Feds cut climate research to save on fuel costs
WEST PALM BEACH, Fla. -- They haven't rechristened a ship the Irony, but federal researchers are canceling and cutting back on voyages aimed at studying climate change and ocean ecosystems so they can save money on boat fuel. The National Oceanic and Atmospheric Administration has scrapped at least four trips nationwide and is shortening others "because of the increase in petroleum prices," chief spokesman Anson Franklin said Wednesday. In a June 10 e-mail to NOAA field offices and others, portions of which were obtained by The Associated Press, NOAA warned of an "approximate" $1.7 million budget shortfall due to fuel costs.
Prison for man who swiped corpse parts
NEW YORK -- A man convicted of secretly cutting up corpses as part of a multimillion-dollar body parts scheme has been sentenced to a term of nine to 27 years in prison. One of the corpses plundered in the scheme was that of "Masterpiece Theatre" host Alistair Cooke. Prosecutors say bone and tissue were taken from many corpses without family permission and sold for use in transplants and other medical procedures. Christopher Aldorasi was sentenced Wednesday. He was found guilty in April of enterprise corruption and other criminal counts. The scheme's ringleader pleaded guilty earlier this year.
Engineer first sentenced for economic espionage
SAN JOSE, Calif. -- An engineer who admitted he tried to sell fighter-pilot training software to the Chinese Navy was sentenced Wednesday to 24 months in federal prison, in the first sentencing for a newly defined intellectual property crime. Xiaodong Sheldon Meng, 44, was sentenced on the rare charge of committing economic espionage against the U.S. It's the most serious crime under the Economic Espionage Act of 1996 and involves stealing trade secrets to benefit a foreign government. Only five cases have been filed under the law, three of them in Silicon Valley, which authorities say is fertile ground for trade secret thieves.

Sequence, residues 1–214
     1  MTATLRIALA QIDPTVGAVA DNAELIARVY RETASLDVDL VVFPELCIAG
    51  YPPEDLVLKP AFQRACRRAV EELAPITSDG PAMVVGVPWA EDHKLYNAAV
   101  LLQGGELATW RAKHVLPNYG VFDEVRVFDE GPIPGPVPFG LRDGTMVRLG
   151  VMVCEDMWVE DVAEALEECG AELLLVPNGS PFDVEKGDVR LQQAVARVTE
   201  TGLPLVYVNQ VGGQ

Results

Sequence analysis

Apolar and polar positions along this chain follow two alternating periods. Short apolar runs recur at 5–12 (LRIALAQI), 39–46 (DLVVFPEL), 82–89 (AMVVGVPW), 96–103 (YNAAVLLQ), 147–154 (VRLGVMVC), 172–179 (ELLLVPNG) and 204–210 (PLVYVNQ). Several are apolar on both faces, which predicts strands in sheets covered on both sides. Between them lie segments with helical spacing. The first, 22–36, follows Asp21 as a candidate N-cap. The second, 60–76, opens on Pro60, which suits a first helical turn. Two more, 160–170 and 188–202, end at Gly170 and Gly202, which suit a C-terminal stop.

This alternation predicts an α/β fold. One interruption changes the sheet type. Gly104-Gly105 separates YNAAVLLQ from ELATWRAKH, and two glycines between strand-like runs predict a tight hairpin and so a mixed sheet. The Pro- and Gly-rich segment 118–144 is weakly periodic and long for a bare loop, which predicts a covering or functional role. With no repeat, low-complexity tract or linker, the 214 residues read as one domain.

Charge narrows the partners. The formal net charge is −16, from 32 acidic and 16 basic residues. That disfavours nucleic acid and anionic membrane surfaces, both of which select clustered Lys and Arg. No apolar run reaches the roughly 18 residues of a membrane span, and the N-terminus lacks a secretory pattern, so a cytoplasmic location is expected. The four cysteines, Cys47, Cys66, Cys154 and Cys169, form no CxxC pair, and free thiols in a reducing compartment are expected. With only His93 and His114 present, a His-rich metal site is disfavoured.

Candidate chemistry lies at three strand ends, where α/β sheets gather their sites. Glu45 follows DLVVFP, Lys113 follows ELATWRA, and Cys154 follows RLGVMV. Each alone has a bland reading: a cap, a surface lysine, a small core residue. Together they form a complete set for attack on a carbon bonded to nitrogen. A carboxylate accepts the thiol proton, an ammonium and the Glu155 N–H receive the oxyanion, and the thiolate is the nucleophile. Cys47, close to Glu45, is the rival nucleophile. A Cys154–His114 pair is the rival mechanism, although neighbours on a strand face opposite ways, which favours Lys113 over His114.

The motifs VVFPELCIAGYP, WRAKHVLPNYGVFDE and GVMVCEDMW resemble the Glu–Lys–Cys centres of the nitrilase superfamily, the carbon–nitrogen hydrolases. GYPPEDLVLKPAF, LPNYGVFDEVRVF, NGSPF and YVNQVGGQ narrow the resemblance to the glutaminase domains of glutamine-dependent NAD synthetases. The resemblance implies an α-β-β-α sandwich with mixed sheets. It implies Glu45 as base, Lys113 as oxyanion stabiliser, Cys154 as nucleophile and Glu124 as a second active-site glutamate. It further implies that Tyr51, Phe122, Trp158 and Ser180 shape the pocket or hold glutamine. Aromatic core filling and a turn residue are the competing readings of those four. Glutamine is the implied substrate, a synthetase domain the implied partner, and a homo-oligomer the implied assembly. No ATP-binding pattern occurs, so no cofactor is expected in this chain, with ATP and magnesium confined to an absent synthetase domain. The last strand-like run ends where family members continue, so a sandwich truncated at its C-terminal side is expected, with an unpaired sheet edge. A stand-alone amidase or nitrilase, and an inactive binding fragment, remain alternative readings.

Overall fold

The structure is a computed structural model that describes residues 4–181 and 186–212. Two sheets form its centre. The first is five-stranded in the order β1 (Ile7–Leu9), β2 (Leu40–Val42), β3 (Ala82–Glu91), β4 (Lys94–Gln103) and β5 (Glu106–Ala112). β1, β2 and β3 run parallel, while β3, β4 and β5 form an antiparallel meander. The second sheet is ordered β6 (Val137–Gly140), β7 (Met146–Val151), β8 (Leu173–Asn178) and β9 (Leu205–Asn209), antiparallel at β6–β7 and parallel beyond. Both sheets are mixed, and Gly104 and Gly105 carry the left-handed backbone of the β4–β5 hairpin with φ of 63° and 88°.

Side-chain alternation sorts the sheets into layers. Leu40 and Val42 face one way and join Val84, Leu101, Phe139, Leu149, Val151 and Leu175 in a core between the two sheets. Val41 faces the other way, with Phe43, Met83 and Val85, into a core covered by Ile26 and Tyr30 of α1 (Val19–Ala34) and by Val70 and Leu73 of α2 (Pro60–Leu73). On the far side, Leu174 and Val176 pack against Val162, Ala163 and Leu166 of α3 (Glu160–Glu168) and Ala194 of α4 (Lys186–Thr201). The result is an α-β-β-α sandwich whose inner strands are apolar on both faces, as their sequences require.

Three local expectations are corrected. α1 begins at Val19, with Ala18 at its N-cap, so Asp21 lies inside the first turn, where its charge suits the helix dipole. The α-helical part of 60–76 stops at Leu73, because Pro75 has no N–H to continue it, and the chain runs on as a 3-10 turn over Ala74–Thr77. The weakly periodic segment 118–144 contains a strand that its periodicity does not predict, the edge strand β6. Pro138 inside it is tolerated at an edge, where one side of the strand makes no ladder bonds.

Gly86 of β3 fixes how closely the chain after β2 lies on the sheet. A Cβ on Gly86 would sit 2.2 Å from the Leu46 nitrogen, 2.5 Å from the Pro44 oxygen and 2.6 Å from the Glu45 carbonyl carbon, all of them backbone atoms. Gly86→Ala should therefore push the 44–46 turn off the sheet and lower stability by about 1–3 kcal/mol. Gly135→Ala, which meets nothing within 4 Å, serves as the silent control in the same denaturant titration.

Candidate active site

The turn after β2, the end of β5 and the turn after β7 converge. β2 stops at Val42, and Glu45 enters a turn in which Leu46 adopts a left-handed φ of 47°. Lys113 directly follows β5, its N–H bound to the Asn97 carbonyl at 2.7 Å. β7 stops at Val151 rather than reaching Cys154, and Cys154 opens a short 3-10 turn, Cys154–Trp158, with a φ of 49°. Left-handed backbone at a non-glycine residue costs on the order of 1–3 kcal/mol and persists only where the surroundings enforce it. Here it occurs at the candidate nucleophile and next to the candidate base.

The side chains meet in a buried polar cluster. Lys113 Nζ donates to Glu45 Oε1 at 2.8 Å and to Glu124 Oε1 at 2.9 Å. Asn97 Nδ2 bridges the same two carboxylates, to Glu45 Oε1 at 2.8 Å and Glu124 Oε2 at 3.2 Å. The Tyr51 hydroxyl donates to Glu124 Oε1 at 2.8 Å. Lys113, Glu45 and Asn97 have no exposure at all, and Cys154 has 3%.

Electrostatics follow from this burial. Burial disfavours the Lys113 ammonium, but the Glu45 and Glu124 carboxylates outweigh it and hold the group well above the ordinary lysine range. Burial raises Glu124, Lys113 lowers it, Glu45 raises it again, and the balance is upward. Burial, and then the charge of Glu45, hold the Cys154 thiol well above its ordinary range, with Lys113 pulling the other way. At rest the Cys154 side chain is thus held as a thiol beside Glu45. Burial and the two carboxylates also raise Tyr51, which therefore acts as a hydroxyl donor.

Boeing wins round in Air Force tanker protest
WASHINGTON -- Congressional investigators have upheld Boeing's protest of a $35 billion Air Force tanker contract awarded to Northrop Grumman Corp. and Airbus parent European Aeronautic Defence and Space Co., and recommended that the service hold a new competition. The Government Accountability Office said Wednesday that it found "a number of significant errors that could have affected the outcome." The Air Force had no immediate reaction to the GAO findings. While the GAO decision is not binding, it puts pressure on the Air Force to reopen the contract and could pave the way for Boeing to capture part or all of the award.
Chase turns sour for lemonade stand robber
TERRE HAUTE, Ind. -- Call it a lemonade standoff. A girl whose lemonade stand was robbed of $17.50 chased the suspect into a nearby home and called police, who spent nearly an hour trying to coax the man into surrendering. "The guy came up and was, like, 'Give me your money,"' said 12-year-old Dominique Morefield, who was running the lemonade stand with a group of friends. "I was shocked. It was just my immediate reaction to chase after him." Officers eventually persuaded Steve Tryon, 18, to come outside after 45 minutes and arrested him on a preliminary felony charge of robbery Tryon was ordered to be held in the Vigo County Jail on $50,000 bond. He will be formally charged Friday.
-- From wire reports